Music group seeks share in concert ticket re-sales

Tue Dec 4, 2007 12:02pm EST
 
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LONDON (Reuters) - Music management groups representing some of Britain's biggest acts are seeking a share of the proceeds from concert tickets re-sold over the Internet on Web sites like eBay, Viagogo and Seat Exchange.

But they are likely to face stiff resistance from the sites, one of which has argued that such a levy would effectively mean paying an artist twice for the same ticket.

Management organizations behind more than 400 performers, including Robbie Williams, the Arctic Monkeys and Radiohead, aim to unite the live music industry in a new Resale Rights Society that would license the unregulated secondary ticket market.

Tickets to gigs are regularly re-sold online, often for many times the face value, but also for much less.

There have been complaints from musicians in the past, although they have tended to focus on the re-sale of tickets to concerts specifically designed to raise money for charity.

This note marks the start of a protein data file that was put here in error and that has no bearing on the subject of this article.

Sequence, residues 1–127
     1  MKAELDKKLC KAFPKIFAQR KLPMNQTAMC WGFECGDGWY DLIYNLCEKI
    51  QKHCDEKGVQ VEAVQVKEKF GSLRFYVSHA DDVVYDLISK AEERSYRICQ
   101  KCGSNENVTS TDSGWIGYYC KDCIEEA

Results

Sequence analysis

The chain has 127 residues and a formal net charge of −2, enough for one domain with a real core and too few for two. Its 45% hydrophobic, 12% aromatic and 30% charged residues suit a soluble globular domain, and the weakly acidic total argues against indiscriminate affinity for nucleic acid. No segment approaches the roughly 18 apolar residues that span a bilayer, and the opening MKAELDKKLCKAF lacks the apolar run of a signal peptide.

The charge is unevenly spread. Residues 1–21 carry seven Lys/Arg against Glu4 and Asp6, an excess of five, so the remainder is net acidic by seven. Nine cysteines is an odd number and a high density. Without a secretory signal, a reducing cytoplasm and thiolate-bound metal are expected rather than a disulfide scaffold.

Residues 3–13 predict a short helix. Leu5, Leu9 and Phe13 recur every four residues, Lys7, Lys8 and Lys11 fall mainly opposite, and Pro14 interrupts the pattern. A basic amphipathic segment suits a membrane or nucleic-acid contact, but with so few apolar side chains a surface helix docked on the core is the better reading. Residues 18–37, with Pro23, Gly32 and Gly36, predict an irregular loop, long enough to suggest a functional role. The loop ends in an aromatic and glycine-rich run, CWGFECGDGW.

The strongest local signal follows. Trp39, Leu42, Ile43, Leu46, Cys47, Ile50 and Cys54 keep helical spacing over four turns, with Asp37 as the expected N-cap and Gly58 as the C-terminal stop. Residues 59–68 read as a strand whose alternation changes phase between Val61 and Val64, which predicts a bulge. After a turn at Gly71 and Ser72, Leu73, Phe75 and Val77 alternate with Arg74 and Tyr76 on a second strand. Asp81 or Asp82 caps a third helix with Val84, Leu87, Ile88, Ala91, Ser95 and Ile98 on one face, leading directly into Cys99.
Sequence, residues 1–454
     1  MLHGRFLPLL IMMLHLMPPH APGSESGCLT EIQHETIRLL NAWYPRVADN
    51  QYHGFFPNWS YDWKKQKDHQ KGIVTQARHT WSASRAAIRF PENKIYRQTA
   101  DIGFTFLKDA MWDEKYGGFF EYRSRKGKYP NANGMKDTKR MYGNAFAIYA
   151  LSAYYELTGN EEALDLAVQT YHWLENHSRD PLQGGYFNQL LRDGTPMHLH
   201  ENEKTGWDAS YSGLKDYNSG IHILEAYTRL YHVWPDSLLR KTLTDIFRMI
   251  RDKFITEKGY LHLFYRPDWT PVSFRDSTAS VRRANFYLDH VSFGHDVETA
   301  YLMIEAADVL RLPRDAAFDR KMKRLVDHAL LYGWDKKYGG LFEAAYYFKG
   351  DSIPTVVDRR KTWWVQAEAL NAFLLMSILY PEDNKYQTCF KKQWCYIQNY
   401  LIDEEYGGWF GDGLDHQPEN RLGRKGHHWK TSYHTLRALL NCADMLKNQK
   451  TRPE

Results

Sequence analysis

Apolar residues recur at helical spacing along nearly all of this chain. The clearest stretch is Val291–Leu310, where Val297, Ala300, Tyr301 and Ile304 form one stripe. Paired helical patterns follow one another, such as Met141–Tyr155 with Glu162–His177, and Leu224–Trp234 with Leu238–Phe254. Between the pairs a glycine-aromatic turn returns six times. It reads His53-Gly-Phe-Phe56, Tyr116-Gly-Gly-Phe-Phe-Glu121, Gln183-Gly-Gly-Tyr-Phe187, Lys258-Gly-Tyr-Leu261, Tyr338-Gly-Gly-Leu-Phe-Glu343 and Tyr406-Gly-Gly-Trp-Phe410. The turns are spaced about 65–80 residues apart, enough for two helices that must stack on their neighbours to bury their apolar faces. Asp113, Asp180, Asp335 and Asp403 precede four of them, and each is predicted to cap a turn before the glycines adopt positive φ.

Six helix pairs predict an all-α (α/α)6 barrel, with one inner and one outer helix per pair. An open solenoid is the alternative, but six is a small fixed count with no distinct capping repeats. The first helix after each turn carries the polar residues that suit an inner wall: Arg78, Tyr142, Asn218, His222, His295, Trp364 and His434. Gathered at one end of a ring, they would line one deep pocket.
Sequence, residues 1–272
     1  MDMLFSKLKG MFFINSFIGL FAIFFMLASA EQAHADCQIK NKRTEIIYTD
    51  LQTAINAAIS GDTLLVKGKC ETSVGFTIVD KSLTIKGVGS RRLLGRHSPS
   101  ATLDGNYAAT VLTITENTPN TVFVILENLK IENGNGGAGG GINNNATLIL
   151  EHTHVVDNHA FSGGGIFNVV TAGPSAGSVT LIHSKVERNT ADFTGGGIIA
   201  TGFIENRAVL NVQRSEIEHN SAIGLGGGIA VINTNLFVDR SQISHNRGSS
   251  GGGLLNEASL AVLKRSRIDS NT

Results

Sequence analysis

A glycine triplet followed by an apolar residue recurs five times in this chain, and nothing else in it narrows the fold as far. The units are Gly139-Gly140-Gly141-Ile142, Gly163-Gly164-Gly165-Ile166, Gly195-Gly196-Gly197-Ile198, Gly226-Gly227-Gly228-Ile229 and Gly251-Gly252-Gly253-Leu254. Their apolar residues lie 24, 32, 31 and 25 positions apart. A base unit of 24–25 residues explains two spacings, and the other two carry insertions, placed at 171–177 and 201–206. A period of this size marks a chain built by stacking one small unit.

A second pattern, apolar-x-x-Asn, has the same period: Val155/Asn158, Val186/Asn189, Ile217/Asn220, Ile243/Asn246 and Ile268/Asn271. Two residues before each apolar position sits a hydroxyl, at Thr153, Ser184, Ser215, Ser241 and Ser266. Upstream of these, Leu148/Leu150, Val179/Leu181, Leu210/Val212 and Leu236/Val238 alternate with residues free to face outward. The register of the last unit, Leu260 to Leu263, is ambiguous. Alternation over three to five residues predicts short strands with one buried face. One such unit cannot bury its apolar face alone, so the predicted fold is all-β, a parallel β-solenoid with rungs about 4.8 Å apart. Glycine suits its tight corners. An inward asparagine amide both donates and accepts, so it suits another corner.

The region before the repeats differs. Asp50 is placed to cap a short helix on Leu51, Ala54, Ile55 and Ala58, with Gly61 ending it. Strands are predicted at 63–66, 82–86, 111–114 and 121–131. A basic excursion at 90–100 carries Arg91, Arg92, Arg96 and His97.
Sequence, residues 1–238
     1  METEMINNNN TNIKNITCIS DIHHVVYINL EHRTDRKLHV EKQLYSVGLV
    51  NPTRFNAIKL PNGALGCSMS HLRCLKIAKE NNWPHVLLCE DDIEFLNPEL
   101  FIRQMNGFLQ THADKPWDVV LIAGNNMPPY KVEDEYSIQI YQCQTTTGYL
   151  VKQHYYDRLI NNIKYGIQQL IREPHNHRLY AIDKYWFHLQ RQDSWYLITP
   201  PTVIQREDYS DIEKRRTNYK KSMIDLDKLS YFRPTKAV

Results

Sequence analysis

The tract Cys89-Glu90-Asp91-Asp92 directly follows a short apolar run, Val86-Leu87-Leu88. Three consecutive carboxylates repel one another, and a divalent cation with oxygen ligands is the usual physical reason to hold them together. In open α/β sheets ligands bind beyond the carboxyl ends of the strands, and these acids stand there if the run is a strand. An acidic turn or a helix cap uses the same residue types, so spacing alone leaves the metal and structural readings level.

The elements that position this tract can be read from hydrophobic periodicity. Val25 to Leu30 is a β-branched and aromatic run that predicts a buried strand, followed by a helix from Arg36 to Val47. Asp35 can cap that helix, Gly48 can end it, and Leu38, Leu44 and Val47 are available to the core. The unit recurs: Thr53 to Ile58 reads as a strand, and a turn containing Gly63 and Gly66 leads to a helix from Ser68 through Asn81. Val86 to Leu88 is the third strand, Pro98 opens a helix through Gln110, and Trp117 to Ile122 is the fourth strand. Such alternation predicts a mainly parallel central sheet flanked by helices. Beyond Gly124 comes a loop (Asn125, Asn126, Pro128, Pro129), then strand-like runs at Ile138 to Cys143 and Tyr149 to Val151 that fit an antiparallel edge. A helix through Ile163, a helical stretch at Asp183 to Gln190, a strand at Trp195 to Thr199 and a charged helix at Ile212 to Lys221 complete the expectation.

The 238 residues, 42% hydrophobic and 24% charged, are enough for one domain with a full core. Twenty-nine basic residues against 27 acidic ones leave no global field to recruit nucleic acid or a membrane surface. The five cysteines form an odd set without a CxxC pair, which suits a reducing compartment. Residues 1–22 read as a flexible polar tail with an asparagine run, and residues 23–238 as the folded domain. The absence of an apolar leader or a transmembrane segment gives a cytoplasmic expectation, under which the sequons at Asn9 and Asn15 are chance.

Marc Marot, formerly of Island Records and chairman-elect of the Resale Rights Society, estimated the business generated around 200 million pounds ($400 million) annually in Britain.

"The secondary ticketing market offers benefits to music fans and the live music industry alike. It does not make sense to try and criminalize it," Marot said in a statement.

"On the other hand there are not only real issues of consumer protection here, it is unacceptable that not a penny of the estimated 200 million pounds ... is returned to the investors in the live music industry.

"Where this trade is fair to consumers, we propose to authorize it by agreeing a levy on all transactions."   Continued...

 
<p>File photo shows rock band Arctic Monkeys during a concert at the Benicassim International Festival in the eastern Spanish town of Benicassim July 22, 2007. Management organizations behind more than 400 performers, including Robbie Williams, the Arctic Monkeys and Radiohead, aim to unite the live music industry in a new Resale Rights Society that would license the unregulated secondary ticket market. REUTERS/Heino Kalis</p>